The Piero Trotti novels start with the kidnapping of Aldo Moro in 1978 and end with Operation Clean Hands and the first Berlusconi government of 1994. Mauro Rostagno’s life epitomises many of the hopes and fears of those sixteen difficult years and when in 1995 I read Rostagno’s biography, I knew I had to incorporate his life and death into the last volume of my Italian hexalogy.
Rostagno was one of the founding members of Lotta Continua, a revolutionary newspaper from Trento University, that played a pivotal role in the years of the lead – those years when home grown terrorism was seen as a greater threat to the Italian republic than the Mafia.
In time, Rostagno lost interest in the proletarian revolution (After Marx, April) and after a stay in India, set up a commune for drug addicts in Sicily. He was losing interest in the commune when he was invited to a local tv station and there he took to denouncing the Sicilian Mafia over the airwaves. The job did not last long. One evening Rostagno was gunned down in his car as he was driving home to the commune.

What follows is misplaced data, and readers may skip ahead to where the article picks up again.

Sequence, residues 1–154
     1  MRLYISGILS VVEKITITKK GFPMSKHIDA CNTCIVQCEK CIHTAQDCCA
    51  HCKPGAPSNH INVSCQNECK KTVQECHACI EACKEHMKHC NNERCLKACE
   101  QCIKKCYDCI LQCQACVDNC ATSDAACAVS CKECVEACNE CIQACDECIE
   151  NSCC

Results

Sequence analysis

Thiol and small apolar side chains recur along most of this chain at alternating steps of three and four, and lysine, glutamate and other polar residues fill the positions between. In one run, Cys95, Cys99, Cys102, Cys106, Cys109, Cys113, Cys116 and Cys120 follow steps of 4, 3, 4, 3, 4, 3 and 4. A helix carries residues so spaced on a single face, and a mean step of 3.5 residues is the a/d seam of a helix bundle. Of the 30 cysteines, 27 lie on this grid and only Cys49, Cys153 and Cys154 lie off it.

For many years there were conflicting theories about Rostagno’s death. Perhaps he was murdered by his estranged wife or perhaps by his ex companions of Lotta Continua. It could have been an addict on the commune. Or his business partner. Or, of course, it could have been the Mafia silencing an outspoken critic.
In the Second Day of the Renaissance, the sixth Trotti novel, the real life Mauro Rostagno becomes Valerio Gracchi.
Ten years before Gracchi’s death in Sicily, Commissario Piero Trotti had briefly arrested him for the kidnapping of a little girl in his small northern city.
Trotti still lives in the northern city. He has left the police but his dreams of a rustic retirement raising chickens and searching for truffles in the Apennines of his childhood, have come to nothing. His wife and daughter are gone and he lives with his cousin, a humourless old maid, in his house in via Milano.
One cold spring day, Trotti leaves the damp city for the sunshine of Rome and the wedding of Lieutenant Pierangelo Pisanelli, a collaborator who, through Trotti’s fault, now walks with crutches.
On his journey to Rome, Trotti stops in Siena where he meets an old friend, a general of the carabinieri. The general tells Trotti that the police have dropped their case against one of Gracchi’s presumed murderers. No longer fearing arrest, the man has returned to Italy and is now looking for Trotti whom he intends to kill. Trotti, he believes, is responsible for his brother’s death.
The killer will wreak his revenge on the retired commissario; in the last book of the series, will Piero Trotti survive?
THE SECOND DAY OF THE RENAISSANCE by Timothy Williams is published by Soho Press.